Arts & Entertainment, Theatre

The Sweetest Swing in Baseball sparks dialogue about the healthcare system

The Sweetest Swing in Baseball, directed by Emily Sheeran (U3 Arts), currently playing at Morrice Hall until Oct. 20, centres around the failures of the mental health system. Written by Rebecca Gilman, Tuesday Night Cafe Theatre (TNC)’s production presents an unfiltered account of a suicidal painter’s struggle with manoeuvring both the art world and the healthcare system.

The play follows Dana (Maria Jimenez, U2 Arts), a 30-something artist, as she crumbles into a depressive spiral brought on by the collapse of her personal life and the unrelenting pressure from her peers to produce consistently stunning art.

When a suicide attempt forces Dana into a 10-day stint at a rehabilitation centre, she fakes a more serious mental illness—multiple personality disorder—to extend her stay. After reading his self-help book, Dana decides to assume the identity of baseball player Darryl Strawberry.

Jimenez is convincing in the role of Darcy, effortlessly switching between her two personas, while trying to reclaim her love for painting. Her performance never stretches credibility in an otherwise-unbelievable plot.

The minimalist setting—only a few chairs and easels serve as backdrop—directs the audience’s attention toward her emotional journey and her progression into a new stage of her life. No location is visually-distinguishable from another, which gives the actors more responsibility in activating a sense of setting.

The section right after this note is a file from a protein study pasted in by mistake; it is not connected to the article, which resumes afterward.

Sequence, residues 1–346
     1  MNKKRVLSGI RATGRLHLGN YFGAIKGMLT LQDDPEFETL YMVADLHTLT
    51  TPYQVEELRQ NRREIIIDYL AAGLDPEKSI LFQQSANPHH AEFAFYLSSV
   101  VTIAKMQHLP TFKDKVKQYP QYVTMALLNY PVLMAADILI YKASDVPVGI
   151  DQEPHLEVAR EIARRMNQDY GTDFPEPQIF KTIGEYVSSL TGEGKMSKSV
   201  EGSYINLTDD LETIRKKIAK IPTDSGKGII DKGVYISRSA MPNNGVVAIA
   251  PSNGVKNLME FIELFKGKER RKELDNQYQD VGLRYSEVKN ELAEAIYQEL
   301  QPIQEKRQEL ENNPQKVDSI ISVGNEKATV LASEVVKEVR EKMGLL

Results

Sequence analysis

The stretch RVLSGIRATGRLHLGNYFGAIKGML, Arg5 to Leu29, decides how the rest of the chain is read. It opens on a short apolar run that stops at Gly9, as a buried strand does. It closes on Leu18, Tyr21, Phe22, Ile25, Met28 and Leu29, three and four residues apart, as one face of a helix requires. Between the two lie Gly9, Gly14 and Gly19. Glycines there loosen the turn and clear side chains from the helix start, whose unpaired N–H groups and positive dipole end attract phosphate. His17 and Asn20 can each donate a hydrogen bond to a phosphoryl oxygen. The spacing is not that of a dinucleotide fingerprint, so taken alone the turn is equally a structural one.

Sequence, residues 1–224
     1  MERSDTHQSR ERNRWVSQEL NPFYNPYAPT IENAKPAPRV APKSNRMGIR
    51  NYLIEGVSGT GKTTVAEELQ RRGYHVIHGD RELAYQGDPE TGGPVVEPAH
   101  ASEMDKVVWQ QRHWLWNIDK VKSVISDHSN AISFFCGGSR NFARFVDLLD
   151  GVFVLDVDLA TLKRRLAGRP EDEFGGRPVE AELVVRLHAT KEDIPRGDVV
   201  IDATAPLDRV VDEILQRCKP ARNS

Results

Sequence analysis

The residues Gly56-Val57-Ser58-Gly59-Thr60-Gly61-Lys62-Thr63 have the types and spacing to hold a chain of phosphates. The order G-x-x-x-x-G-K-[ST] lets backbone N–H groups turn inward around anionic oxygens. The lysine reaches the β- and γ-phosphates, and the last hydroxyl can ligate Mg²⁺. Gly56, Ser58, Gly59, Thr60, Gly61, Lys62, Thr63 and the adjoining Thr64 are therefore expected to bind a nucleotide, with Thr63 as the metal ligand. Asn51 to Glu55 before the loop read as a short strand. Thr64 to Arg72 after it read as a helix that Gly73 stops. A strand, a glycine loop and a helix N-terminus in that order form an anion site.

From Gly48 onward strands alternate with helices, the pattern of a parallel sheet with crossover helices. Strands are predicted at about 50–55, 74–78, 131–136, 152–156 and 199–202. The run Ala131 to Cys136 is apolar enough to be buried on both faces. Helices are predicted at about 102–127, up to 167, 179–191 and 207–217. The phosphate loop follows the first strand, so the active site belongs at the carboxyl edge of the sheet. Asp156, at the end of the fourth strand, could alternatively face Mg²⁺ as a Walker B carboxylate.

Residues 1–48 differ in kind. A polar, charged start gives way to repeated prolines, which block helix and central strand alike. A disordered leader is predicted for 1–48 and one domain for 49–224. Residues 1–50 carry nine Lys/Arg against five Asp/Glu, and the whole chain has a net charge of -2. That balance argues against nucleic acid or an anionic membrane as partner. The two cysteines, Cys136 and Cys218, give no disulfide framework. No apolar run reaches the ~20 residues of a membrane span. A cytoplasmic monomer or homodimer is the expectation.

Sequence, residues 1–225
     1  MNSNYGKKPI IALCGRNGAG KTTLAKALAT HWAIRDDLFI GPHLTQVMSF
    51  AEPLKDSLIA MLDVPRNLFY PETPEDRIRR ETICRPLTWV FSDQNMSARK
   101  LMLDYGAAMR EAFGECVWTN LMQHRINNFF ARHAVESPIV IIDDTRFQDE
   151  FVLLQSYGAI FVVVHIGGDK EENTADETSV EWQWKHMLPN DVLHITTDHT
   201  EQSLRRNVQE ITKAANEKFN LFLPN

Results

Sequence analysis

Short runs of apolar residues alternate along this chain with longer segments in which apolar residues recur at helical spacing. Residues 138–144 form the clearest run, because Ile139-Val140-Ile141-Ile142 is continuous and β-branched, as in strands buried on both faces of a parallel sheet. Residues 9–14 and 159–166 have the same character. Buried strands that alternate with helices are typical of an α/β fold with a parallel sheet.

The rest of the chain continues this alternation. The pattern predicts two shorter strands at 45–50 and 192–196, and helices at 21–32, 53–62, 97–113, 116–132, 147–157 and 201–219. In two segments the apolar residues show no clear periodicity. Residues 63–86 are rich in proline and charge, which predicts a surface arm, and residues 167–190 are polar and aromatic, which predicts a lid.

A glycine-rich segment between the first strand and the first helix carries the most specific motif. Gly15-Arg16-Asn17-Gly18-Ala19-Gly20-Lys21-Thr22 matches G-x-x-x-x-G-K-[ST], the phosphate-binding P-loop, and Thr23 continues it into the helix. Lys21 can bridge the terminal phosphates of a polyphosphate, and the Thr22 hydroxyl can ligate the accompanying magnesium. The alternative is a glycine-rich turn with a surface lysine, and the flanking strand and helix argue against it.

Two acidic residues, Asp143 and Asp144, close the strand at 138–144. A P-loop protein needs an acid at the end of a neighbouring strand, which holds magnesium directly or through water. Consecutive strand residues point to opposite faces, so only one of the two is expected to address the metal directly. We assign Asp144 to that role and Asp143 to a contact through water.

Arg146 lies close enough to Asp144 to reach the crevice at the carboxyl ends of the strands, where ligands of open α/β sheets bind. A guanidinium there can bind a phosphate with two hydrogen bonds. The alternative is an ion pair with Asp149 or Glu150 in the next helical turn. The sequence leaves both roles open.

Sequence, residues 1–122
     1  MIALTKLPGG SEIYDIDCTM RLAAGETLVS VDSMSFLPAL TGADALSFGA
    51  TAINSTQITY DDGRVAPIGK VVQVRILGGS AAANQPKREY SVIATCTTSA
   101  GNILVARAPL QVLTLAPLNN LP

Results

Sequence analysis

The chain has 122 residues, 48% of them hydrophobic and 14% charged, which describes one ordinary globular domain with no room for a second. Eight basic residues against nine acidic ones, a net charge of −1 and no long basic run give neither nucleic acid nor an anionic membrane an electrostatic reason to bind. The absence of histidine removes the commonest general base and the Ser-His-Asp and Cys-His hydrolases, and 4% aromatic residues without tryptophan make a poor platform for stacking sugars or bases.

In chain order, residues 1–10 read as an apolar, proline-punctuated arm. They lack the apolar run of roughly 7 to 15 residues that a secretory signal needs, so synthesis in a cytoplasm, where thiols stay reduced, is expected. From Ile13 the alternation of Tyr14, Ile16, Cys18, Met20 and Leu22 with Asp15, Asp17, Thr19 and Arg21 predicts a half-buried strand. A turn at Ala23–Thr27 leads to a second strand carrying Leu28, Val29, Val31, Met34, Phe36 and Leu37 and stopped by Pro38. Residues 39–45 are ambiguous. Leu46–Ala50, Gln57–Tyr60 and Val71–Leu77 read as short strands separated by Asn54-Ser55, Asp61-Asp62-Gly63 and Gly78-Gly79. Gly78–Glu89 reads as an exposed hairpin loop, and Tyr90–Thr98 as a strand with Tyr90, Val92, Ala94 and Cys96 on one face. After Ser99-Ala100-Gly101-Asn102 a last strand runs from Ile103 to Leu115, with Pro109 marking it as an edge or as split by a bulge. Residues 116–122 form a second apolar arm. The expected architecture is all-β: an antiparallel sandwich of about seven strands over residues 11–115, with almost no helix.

At the rehab centre, Dana spends time with Gary (Aidan Dmytriw, exchange student), a sociopath memorable for his dark humour and tense monologues, and Michael (Antoine Guimbal, U2 Arts), an alcoholic. The chemistry between Jimenez and Guimbal shines through in their characters’ budding friendship. Michael, whom Guimbal plays with striking genuineness, is Dana’s only true support, and a trustworthy listener and ally.

Dana’s art dealer, Erica (Arielle Shiri, U2 Arts), on the other hand, embodies the trope of the well-intentioned friend lacking in sufficient empathy. Dana and Erica have a complicated relationship: Erica sees herself as Dana’s friend, yet, to Dana, Erica represents commerce, obligation, and the harshness of the art world. The play’s dialogue conveys their relationship effectively; Shiri fully commands the stage and excellently portrays subtle frustration in her inability to get Dana to open up to her.

Sheeran’s decision to have all actors, with the exception of Jimenez, play two roles was deliberate and effective. The creative choice brings out similarities between characters, drawing parallels between Dana’s experience with the healthcare system and the art world.

Caitlin Heiligmann (U2 Arts) plays Rhonda, a cut-throat art dealer, and Dr. Gilbert, Dana’s skeptical psychologist—two characters who represent barriers to Dana’s ambitions, inside and outside of the rehabilitation centre.

The Sweetest Swing in Baseball manages to broach the topic of mental health thoughtfully without sensationalizing it. The script is peppered with light humor to paint a bittersweet portrait of an artist coming to terms with her own setbacks. In the midst of a cultural conversation about mental health, The Sweetest Swing in Baseball finds its place within campus discourse.

TNC’s The Sweetest Swing in Baseball is playing until Oct. 20 in Morrice Hall in the Islamic Studies Building, 3485 Rue McTavish. Tickets are $6 for students and $10 general admission.

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